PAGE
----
When I heard that Homai Vyarawala had died, I remembered taking Mona—my dear friend with whom I made the book Myself Mona Ahmed (Scalo Publishers, 2001)—to meet Homai in the year 2000. Homai was then staying at the Parsi Dharamsala in Delhi, close to the graveyard where Mona still lives after leaving the world of eunuchs. Mona (above, left, with Homai) was suffering from severe depression at the time, and I thought that meeting Homai would give her strength. Last night I rang Mona and told her about Homai’s death. This was her response: “She was such a brave woman, the best lady photographer, never scared of being alone. She never depended on anyone, even in her old age. Loneliness is the biggest disease in the world, I understand it.”
Mona is right. Homai was not only the first woman photojournalist, but she was also an absolutely independent person. She was self-sufficient and managed all her affairs herself, including carpentry, gardening and driving her own car. She is an inspiration to a single woman like me, to people who do not necessarily subscribe to the idea of the biological family, but build, instead, their own family of friends. And what a friend she found in Sabeena Gadihoke. I am happy Homai went on her own terms, exactly as she lived her life. She would have hated to be bedridden. My heart goes out, though, to Sabeena who was also her curator and biographer (Camera Chronicles of Homai Vyarawala; Mapin Publishing, 2005).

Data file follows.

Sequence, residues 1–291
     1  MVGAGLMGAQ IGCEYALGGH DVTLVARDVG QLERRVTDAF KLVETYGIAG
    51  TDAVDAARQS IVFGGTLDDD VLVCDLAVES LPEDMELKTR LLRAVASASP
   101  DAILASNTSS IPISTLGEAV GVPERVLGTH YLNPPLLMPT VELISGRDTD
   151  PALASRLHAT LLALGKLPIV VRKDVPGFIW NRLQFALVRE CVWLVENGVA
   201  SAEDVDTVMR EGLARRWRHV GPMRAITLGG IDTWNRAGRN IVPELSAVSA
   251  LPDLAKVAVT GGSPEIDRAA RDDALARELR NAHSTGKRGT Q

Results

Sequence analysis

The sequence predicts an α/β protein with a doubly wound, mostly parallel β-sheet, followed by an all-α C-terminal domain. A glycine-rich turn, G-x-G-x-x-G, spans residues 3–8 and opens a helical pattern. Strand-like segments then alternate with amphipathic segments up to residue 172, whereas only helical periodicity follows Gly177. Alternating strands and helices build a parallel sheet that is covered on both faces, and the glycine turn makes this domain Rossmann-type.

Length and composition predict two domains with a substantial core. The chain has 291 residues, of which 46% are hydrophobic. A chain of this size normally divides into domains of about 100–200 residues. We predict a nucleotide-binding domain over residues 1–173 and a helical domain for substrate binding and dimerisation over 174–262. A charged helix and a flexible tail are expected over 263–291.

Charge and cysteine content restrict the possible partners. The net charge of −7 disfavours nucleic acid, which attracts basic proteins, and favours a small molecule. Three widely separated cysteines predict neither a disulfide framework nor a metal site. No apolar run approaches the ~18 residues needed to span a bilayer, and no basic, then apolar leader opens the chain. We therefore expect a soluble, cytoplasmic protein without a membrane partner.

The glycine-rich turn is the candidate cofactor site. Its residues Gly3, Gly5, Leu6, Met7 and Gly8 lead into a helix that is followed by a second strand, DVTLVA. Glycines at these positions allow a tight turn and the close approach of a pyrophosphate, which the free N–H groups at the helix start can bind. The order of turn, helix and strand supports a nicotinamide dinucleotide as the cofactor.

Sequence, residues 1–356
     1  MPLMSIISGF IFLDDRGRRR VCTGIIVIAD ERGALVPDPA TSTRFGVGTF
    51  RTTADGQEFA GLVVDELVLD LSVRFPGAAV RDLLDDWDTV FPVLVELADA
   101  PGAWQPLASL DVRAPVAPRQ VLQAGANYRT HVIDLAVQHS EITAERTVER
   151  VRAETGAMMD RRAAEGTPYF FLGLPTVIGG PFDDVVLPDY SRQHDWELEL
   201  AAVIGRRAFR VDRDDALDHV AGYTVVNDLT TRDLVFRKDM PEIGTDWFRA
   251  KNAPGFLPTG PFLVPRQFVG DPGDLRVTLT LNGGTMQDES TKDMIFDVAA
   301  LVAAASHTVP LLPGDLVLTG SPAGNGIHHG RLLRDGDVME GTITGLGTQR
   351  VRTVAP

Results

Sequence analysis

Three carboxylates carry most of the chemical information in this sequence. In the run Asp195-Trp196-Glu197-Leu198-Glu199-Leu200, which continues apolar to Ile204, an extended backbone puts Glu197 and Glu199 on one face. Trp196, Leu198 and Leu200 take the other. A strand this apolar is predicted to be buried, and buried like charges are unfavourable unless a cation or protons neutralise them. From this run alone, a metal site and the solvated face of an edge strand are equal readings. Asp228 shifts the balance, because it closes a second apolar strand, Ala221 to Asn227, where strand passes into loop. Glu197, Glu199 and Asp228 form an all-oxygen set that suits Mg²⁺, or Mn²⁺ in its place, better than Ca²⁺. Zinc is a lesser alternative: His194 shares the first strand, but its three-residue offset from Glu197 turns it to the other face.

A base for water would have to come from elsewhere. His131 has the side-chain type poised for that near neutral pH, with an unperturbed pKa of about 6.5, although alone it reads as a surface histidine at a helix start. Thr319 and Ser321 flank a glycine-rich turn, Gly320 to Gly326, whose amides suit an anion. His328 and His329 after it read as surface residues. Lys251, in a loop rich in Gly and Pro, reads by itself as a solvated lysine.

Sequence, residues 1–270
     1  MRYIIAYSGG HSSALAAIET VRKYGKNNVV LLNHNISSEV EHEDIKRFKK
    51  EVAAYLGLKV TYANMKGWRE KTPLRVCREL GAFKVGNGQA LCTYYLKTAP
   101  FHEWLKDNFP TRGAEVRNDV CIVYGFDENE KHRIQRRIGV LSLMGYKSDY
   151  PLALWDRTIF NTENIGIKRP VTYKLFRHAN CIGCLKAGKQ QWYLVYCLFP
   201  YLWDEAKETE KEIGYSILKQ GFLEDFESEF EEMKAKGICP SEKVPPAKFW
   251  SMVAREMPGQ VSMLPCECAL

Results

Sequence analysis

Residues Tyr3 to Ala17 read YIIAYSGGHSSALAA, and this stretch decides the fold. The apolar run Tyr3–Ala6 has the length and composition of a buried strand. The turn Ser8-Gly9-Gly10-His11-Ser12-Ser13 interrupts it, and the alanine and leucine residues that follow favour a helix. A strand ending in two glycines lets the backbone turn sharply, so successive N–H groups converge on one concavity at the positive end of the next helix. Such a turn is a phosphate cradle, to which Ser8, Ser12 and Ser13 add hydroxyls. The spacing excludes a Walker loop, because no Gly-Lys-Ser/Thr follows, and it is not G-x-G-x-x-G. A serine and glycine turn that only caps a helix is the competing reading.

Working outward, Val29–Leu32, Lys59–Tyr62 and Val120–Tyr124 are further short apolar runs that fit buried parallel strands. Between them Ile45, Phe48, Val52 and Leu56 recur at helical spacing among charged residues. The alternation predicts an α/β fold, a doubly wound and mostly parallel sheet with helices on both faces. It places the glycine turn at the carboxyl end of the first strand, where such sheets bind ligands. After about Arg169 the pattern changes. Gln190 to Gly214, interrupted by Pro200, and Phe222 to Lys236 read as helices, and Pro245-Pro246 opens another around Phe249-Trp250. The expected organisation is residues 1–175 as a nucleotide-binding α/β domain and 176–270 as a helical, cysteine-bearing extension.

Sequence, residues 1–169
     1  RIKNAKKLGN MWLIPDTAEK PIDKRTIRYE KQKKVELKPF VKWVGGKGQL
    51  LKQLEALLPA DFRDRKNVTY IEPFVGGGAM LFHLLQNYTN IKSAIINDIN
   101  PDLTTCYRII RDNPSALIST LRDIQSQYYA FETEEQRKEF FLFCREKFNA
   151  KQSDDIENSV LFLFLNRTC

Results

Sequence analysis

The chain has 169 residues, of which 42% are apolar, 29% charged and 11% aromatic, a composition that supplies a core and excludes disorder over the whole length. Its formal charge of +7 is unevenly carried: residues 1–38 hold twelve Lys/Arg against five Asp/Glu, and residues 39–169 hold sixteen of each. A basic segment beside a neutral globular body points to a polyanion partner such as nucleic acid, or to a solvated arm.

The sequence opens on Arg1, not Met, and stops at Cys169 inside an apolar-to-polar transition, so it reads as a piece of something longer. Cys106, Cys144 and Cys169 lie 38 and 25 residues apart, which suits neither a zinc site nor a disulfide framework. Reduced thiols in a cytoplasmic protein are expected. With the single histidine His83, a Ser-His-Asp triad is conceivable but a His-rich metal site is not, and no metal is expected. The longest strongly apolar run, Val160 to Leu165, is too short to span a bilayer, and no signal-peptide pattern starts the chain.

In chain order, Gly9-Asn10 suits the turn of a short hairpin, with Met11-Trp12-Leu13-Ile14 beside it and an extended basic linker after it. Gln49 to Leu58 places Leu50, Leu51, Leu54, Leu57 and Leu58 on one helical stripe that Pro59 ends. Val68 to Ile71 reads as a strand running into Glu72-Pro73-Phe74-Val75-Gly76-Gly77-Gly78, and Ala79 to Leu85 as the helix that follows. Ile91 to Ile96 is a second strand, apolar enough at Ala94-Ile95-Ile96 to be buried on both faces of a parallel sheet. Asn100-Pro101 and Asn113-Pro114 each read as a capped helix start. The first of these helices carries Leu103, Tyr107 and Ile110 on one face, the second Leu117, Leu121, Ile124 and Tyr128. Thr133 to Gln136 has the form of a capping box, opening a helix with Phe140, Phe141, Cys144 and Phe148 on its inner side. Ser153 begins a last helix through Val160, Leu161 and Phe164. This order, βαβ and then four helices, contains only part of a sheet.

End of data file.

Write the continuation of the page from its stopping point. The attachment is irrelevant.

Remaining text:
Homai must have gone peacefully in the knowledge that her archive is in the safe hands of the Alkazi Foundation. She also lived to see her retrospective at all three ngmas, and received the Padma Vibhushan from the Government of India. But more than all that, how lucky she was to have a friend like Sabeena, and how fortunate Sabeena is to have been by her side when she passed away!
Homai lived as a great soloist. That is why she continues to give me strength.